Bruzelius, Caroline. “Revolutionizing Teaching with Technology,” Clark University, Worcester, MA. April 2010.

Bruzelius, Caroline. “What Can Digital Technologies Do for the Humanities?” Annual meeting of Art Libraries Society/Southeast. Duke University, Durham, NC. 2011.

Bruzelius, Caroline. “Teconologia e l’insegnamento,” Ca’Foscari University, Venice, Italy. October 2011.

Bruzelius, Caroline. “What Does Technology have to do with the Humanities?” Massachusetts Institute of Technology, Cambridge, MA. 2011.

Bruzelius, Caroline. “What Does Technology have to do with the Humanities?” St. Louis University, St. Louis, MO. 2012.

Bruzelius, Caroline. “TEDx Talk” on Technology and Teaching. 2012

Bruzelius, Caroline. “Teaching with Technology,” University of Vermont, Burlington, VT. January 2012.

Bruzelius, Caroline. “Visualizing Venice,” Digital Art History Symposium. National Gallery of Art, Washington, DC. November 2014.

Bruzelius, Caroline. “Tecnologia visuale e la Storia dell’Arte,” La Sapienza, Rome, Italy. April 2014.

Bruzelius, Caroline. “Digital Urban History: la storia della città tra ricerca e musei.” University of Turin, Turin, Italy. February 2-4, 2015.

Bruzelius, Caroline. “Apps, Maps, and Models –The Digital Revolution and History,” Iowa State University, Ames, Iowa. March 27, 2017.

Bruzelius, Caroline. “Transforming Art History in the Digital Revolution.” Digital Art History Research Group. The Courtault Institute of Art, London, UK. June 12, 2017.

Bruzelius, Caroline. “Visualizing Venice: The Story of a City Through Maps and Models,” Save Venice Boston, Boston, MA. February 6, 2018.

Bruzelius, Caroline and Rachael Brady. “Digital Technology and the Humanities.” Mount Holyoke College and University of Massachusetts, Amherst, MA. 2012.

Bruzelius, Caroline, William Broom, and John Taormina. “The Medieval Kingdom of Sicily Image Database Project: From Conceptual Design to Management,” Digital Matters in Medieval and Renaissance Studies, Duke University, Durham, NC, April 6-7, 2018.

Bruzelius, Caroline, and Hannah L. Jacobs. “Wired! Full Immersion: Neatline and the Digital Syllabus.” Media Arts + Sciences Rendezvous. Duke University, Durham, NC. March 19, 2015.

Bruzelius, Caroline, and Hannah L. Jacobs. “Demonstration: Using a Neatline Syllabus in the Introductory Art History Survey. Art Historians Interested in Pedagogy and Technology: “A Signature Pedagogy for Art History in the Twenty-First Century.” College Art Association Annual Conference, Washington, D.C. February 3, 2016.

Bruzelius, Caroline, Mark J.V. Olson, Donatella Calabi, Andrea Giordano, Victoria E. Szabo. “Visualizing Venice.” Florentia Illustrata. Digital Mapping and Techniques of Visualizing the Pre-modern Italian City. Kunsthistorisches Institut in Florenz – Max-Planck-Institut. Florence, Italy. June 17, 2013.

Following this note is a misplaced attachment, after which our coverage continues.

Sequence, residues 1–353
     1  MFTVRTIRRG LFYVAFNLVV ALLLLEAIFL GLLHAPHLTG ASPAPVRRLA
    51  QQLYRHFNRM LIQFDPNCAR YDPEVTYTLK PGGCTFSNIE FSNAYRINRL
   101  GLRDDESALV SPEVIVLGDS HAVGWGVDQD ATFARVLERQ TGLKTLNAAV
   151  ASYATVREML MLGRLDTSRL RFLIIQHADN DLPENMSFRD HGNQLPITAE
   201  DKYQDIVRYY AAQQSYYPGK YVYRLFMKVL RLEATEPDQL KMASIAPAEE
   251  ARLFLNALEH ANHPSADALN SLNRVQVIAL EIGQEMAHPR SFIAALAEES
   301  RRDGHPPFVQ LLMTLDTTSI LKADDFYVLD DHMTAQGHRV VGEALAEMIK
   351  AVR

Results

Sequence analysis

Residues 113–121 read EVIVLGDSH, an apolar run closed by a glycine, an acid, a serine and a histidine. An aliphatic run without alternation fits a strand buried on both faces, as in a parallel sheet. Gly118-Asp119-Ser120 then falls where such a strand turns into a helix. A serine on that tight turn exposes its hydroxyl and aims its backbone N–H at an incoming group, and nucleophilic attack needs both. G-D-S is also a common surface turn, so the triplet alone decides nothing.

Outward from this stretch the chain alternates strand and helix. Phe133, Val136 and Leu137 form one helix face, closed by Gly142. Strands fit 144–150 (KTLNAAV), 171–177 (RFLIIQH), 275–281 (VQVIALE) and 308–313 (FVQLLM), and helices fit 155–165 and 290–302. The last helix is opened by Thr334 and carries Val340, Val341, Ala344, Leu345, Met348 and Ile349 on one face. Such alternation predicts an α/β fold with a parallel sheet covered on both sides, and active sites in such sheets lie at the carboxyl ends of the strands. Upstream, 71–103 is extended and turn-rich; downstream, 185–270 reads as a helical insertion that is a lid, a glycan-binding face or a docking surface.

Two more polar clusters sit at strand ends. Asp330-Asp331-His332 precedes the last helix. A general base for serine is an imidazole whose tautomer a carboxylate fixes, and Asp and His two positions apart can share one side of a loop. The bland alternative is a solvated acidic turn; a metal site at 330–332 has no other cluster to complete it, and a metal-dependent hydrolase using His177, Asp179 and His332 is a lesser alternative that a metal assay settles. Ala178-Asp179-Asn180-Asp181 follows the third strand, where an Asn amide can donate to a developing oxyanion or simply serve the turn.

Bruzelius, Caroline and Victoria E. Szabo. “The Lives of Places and Cities: New models of representation and their conceptual implications for the past and present.” Seminario Internazionale: Promosso dagli insegnamenti: Storia dell’architettura e Disegno edile. Università degli Studi di Padova. Padua, Italy. June 9, 11, and 16, 2014.

Olson, Mark J.V. and Caroline Bruzelius. “Learning by Making: Digital Methods and the Wired! Experiment at Duke University.” Invited Public Lecture. Inaugural Lecture, Wesleyan Digital and Computational Knowledge Initiative, Wesleyan University. March 6, 2013.


News & Events

Bruzelius to speak at Save Venice Boston

Caroline Bruzelius Elected to the American Philosophical Society

Caroline Bruzelius Receives Dean’s Award for Leadership

The Cathedral in the DiVE: Animating Medieval Architecture

The Lives Of Things Color Projection Exhibit Unveiled at the Nasher

LIVESTREAM: Prof. Bruzelius at National Gallery of Art

MA+S Rendezvous: Wired! Full Immersion: Neatline and the Digital Syllabus

Monastic Architecture & The City

Renaissance Society of America 2014

Sta. Chiara Team in Barcelona

Talking About Teaching in New (Digital) Times

Transforming Art History in the Digital Revolution

Visualizing Venice: The City and the Lagoon

Wired! at CAA 2016

Wired! Goes Down Under

Nathan Bullock

PhD student in Architectural History, Certificate in Feminist Theory

Nathan Bullock is an architectural historian working on modern and contemporary architectural theory and criticism. His fields of interest intersect architecture with politics and culture.


Building Duke

Andrea Basso

Visiting Student, Building Engineering & Architecture, University of Padua

Andrea Basso is currently studying Building Engineering and Architecture at the University of Padua. In these years he has learned how new multimedia tools can be implemented in the field of Architecture and Engineering, and how they can improve both the visualization and the construction process of the buildings. He is currently working on the church of S. Chiara in Naples with Caroline Bruzelius, Lucas Giles, and his fellow student from Italy, Elisa Castagna, investigating the architecture of the past with the 3D visualization media. He is also developing the theme of display of architectural models through the study of UNITY software and of BIM models’ transfer into virtual reality environments such as the Duke Immersive Virtual Environment.